|Title||Psychiatric disorders newly diagnosed among veterans subsequent to hospitalization for COVID-19.|
|Publication Type||Journal Article|
|Year of Publication||2022|
|Authors||Chen, JI, Hickok, A, O'Neill, AC, Niederhausen, M, Laliberte, AZ, Govier, DJ, Edwards, ST, Gordon, HS, Slatore, CG, Weaver, FM, Young, R, Hynes, DM|
|Keywords||Adjustment Disorders, Comorbidity, COVID-19, Female, Hospitalization, Humans, Mental Disorders, United States, United States Department of Veterans Affairs, Veterans|
OBJECTIVE: The goal of our study was to evaluate the development of new mental health diagnoses up to 6-months following COVID-19 hospitalization for in a large, national sample.
METHOD: Data were extracted for all Veterans hospitalized at Veterans Health Administration hospitals for COVID-19 from March through August of 2020 utilizing national administrative data. After identifying the cohort, follow-up data were linked through six months post-hospitalization. Data were analyzed using logistic regression.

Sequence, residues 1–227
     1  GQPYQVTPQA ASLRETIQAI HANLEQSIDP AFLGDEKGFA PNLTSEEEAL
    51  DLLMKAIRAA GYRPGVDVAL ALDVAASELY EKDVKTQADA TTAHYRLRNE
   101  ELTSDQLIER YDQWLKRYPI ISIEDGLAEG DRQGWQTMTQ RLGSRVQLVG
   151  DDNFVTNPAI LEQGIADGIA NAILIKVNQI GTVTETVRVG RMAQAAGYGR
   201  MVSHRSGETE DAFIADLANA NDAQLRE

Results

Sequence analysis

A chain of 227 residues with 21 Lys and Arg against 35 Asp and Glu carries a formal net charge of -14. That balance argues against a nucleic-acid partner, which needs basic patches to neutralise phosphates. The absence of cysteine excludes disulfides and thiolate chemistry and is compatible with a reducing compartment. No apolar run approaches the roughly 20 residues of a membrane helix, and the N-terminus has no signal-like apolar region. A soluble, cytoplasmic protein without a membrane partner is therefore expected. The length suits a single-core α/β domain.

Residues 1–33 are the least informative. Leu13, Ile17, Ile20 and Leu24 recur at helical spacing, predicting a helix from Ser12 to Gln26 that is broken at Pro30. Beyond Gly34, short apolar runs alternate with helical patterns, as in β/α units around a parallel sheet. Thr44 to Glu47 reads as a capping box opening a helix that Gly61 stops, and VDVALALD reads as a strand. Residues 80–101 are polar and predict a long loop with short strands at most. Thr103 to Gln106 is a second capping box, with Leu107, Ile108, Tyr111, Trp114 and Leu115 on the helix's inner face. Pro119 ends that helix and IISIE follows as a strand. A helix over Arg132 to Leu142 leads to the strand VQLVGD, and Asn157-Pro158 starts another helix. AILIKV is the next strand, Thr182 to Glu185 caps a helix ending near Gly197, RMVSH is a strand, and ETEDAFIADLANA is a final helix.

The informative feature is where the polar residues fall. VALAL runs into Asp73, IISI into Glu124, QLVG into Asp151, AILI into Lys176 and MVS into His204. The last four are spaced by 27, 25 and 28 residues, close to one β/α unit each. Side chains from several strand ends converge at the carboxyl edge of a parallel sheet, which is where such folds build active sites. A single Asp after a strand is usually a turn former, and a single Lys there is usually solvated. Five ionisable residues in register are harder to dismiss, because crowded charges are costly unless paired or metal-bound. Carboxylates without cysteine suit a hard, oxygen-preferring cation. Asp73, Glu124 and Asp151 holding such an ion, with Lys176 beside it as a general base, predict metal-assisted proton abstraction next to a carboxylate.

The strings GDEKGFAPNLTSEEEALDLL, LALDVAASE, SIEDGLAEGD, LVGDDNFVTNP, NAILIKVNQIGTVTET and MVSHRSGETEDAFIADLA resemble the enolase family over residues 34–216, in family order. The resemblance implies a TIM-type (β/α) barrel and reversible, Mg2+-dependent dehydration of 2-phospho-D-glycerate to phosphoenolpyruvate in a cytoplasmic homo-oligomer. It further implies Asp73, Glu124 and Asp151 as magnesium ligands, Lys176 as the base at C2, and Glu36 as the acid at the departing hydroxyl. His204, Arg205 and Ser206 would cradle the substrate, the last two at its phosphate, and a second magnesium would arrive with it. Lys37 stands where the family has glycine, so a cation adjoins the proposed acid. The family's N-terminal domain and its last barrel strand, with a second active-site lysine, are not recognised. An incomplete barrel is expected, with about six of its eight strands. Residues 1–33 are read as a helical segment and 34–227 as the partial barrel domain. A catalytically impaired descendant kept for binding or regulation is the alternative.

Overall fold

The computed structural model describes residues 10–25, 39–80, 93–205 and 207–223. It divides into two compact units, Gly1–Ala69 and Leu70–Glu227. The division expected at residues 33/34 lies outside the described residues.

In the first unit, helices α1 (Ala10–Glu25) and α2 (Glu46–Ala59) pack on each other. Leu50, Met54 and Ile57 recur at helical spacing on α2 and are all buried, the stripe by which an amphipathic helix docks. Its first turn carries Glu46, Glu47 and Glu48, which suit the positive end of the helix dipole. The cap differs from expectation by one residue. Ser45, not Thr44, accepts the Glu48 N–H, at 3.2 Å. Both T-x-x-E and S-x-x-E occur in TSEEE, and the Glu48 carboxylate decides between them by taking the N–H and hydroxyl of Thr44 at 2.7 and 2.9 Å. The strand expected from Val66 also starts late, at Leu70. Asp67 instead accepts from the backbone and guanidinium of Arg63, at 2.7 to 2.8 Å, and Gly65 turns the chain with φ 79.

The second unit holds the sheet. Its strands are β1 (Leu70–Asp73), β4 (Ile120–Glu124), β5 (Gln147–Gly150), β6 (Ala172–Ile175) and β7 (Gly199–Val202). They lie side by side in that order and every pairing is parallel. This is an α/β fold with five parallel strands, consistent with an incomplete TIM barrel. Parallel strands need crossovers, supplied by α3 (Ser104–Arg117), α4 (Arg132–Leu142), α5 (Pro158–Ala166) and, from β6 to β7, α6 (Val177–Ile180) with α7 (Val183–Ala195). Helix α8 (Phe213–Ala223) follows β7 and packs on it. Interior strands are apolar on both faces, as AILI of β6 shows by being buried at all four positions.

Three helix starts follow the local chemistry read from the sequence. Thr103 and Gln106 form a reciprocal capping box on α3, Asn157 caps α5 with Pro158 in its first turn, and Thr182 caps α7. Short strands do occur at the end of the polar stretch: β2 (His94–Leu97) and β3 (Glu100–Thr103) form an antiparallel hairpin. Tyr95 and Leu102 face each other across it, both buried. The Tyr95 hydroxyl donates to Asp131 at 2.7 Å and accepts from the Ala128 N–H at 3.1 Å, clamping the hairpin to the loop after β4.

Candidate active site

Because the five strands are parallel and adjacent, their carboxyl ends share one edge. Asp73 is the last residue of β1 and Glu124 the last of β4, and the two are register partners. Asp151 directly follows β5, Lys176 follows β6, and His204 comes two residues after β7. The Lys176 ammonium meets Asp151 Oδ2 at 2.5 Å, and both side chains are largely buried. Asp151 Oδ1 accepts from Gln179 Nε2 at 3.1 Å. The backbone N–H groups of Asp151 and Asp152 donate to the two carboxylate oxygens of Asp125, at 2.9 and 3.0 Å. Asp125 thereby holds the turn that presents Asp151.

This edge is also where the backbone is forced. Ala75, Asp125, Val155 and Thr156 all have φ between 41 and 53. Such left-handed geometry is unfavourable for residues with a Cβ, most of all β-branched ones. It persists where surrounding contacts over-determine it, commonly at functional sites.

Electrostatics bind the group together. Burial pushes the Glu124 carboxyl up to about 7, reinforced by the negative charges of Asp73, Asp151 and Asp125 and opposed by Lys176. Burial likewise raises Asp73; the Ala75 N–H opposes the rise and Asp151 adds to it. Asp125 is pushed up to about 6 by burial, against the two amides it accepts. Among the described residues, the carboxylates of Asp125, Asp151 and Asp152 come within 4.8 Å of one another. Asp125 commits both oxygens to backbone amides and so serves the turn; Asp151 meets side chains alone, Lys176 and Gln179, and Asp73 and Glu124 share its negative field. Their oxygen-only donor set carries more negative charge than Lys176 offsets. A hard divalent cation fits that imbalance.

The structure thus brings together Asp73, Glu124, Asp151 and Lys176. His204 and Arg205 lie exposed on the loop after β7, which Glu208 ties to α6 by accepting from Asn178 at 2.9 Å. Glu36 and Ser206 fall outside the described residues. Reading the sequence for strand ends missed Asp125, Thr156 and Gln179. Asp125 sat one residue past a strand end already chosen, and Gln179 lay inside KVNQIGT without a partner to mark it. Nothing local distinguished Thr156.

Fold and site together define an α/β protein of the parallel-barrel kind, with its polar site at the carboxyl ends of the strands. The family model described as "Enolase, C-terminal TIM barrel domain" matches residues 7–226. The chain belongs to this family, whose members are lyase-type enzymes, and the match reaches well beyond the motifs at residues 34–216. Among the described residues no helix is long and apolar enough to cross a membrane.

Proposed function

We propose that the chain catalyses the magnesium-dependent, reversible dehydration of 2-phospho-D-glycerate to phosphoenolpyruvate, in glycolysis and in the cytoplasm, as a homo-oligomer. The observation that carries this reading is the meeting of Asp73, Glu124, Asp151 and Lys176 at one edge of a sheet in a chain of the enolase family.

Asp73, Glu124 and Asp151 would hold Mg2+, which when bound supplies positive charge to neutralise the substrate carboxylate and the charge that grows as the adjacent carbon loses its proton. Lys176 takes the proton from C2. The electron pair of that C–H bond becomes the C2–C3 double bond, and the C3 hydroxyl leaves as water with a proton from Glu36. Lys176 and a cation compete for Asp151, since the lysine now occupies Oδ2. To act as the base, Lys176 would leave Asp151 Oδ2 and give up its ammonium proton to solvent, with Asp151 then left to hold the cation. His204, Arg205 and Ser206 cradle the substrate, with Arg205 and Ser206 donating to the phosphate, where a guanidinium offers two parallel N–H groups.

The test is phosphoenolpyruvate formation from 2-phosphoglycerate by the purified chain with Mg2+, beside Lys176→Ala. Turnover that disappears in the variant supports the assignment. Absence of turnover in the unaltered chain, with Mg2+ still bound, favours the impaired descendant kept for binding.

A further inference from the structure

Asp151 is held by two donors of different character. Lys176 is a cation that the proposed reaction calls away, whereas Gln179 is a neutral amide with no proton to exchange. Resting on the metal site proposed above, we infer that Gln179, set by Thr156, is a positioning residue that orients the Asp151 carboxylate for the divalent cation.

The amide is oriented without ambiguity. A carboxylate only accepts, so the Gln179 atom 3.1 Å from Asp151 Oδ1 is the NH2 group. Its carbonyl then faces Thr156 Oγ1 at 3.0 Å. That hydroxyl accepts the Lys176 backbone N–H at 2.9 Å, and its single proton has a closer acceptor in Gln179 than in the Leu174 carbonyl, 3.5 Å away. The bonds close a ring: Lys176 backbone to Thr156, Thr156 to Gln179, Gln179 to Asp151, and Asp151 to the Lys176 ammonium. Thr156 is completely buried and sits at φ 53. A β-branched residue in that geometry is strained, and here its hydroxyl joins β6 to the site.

RESULTS: Eight percent of patients developed a new mental health diagnosis following hospitalization. The most common new mental health diagnoses involved depressive, anxiety, and adjustment disorders. Younger and rural patients were more likely to develop new mental health diagnoses. Women and those with more comorbidities were less likely to develop new diagnoses.
CONCLUSION: A subpopulation of patients hospitalized for COVID-19 developed new mental health diagnoses. Unique demographics predictors indicate the potential need for additional outreach and screening to groups at elevated risk of post-hospitalization, mental health sequelae.
|Alternate Journal||Psychiatry Res|
|PubMed Central ID||PMC9023376|